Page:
Rocco doesn’t want to do anything without Vincenzo, then the minute they start playing together he starts working on getting his older brother to yell at him. It usually takes about 20 seconds.


Rocco makes the most outlandish conclusions about the world, then says, “Right, Mom?” You know, like, “The bouncy house has a hole ripped in it because we’re wearing socks right, Mom?” I have no choice but to tell him he’s completely wrong. Like a scientist, though, he is not bothered by being wrong and just makes another conclusion. “Oh. Then probably a bad guy came in the middle of the night and ripped a hole in it. Right Mom?”  I throw my arms to heaven.

Rocco is still that kid who can figure something out and if he doesn’t get it on the first or second try, he’ll try a third, fourth, fifth time. The other day I sent sandwiches down to Rocco and a bunch of older kids in the playhouse. The older kids came up a few minutes later saying they were hungry and wanted lunch, and I asked, “What about the sandwiches I just sent down?” They had gotten the basket but hadn’t known what to do with the packages inside it. Just then Rocco came strolling into the kitchen, finishing up one of the sandwiches he had found in the basket, no big deal. Things just make sense to him.

On vacation this spring our toilet got plugged. While Kevin and I tried to get ahold of the front desk, Rocco pushed and poked and prodded around the toilet and came out a few minutes saying, “I fixed it for you.” And he had.


When Kevin tells the story of Rocco’s labor, he tells it this way: I went into the hospital with contractions at midnight, but it was determined I had false labor. The doctor would have sent me home but Rocco’s heart rate was a little irregular, so they put me in a bed for a couple hours. Kevin then explains that, by sheer determination, I forced that baby out of my body just a few hours later.  It’s basically the truth, too.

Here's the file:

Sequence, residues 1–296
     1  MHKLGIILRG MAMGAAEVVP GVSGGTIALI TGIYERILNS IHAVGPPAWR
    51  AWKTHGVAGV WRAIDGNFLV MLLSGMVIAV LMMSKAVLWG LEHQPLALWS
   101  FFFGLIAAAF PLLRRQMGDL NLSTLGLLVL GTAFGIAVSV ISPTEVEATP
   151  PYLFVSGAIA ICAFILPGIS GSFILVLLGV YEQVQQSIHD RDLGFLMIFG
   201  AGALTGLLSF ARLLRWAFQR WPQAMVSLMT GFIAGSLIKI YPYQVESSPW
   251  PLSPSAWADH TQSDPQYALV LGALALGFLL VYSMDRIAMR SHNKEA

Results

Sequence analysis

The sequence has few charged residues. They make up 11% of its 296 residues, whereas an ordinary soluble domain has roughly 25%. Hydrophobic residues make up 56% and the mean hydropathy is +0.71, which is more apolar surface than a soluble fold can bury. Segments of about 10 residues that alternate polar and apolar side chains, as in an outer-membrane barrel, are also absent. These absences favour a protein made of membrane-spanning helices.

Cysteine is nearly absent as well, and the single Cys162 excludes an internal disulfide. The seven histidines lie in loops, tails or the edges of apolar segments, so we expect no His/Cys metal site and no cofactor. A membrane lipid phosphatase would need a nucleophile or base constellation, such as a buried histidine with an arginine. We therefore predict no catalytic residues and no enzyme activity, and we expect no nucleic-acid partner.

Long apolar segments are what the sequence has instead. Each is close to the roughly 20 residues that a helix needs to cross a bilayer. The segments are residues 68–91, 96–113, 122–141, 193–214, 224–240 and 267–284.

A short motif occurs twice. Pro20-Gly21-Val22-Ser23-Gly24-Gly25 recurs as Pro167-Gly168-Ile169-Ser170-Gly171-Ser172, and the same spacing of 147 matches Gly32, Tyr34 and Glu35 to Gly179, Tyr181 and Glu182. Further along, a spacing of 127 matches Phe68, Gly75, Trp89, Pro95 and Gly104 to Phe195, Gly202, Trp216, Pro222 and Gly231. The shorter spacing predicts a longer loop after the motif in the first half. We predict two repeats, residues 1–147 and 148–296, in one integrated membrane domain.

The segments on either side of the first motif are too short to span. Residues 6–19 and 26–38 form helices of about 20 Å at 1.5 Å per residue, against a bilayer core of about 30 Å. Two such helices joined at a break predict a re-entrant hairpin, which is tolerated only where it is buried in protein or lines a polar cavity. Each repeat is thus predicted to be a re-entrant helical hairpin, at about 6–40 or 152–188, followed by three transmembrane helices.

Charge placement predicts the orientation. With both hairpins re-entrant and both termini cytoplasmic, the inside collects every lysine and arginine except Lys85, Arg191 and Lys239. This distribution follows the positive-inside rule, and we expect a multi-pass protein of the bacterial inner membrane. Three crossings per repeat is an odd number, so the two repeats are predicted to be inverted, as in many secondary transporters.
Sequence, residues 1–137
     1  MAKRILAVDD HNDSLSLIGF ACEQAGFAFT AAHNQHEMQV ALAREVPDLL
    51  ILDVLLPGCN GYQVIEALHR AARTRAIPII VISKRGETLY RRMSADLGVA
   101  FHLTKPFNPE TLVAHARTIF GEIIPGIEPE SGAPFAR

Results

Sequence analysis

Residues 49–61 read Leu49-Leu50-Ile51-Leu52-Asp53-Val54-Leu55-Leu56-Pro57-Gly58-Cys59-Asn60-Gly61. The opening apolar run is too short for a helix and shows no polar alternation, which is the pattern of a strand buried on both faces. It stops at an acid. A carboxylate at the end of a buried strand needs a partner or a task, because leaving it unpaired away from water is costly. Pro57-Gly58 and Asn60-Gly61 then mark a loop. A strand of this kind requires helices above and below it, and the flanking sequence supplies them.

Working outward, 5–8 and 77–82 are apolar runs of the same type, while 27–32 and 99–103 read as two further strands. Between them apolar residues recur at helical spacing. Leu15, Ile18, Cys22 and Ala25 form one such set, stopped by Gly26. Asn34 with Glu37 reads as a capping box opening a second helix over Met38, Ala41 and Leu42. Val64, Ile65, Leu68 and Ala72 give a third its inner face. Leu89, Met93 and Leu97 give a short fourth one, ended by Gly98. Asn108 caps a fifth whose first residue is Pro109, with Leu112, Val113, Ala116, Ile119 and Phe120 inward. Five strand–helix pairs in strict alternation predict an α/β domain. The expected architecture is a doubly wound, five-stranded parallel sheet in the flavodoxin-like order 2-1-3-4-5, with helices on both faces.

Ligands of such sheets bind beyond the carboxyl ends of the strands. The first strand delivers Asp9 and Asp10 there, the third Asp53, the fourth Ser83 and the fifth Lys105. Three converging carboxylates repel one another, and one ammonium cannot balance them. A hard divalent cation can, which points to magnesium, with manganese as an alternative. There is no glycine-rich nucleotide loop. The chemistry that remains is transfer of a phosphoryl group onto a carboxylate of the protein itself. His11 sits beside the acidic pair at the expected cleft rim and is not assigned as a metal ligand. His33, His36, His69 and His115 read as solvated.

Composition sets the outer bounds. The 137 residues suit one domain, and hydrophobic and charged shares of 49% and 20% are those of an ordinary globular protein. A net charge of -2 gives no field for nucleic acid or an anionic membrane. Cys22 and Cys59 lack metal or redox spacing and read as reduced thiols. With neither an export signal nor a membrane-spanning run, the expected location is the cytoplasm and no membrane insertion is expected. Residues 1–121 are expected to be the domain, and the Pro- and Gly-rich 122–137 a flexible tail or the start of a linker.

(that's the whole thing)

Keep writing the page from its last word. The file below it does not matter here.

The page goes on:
It’s funny how perfectly that labor story fits Rocco. He will be told he can’t do something and he will try every way possible to get around that rule until he either completes the impossible task or is given a time out–whichever comes first.

And it’s tricky. I want to raise a son who doesn’t mindlessly accept what he is told, who has to try it himself to believe it.  I want my child to forge his own path. I want him to push boundaries and question the truth.  I just don’t want him to question my boundaries and the truths I lay down.  Lord, help me.


I do my best to be patient with Rocco and hope he doesn’t notice the irritated undertones of my voice here and there because I love that kid like mad, and I know I’ll never fully understand him. His brain is wired so differently than mine. I totally respect and admire him for that and can’t wait to see the path that he ends up on, with his big, marvelous brain and his generous disposition. Rocco, slathering determination on everything in life. Unfailingly optimistic and resilient. Confident. Rocco takes good care of his Mama and I know he does not mean to upset me. His brothers, yes, but his Mama—he just wants to make his Mama happy. And usually, he does.

But always, always, I love him.

With everything in my heart, I love that little man.*



*Wait, did I make it to the end of an entire post about Rocco without once writing the word “trains?”  That’s just not right.  Trains.  TRAINS!  Whew.  Better.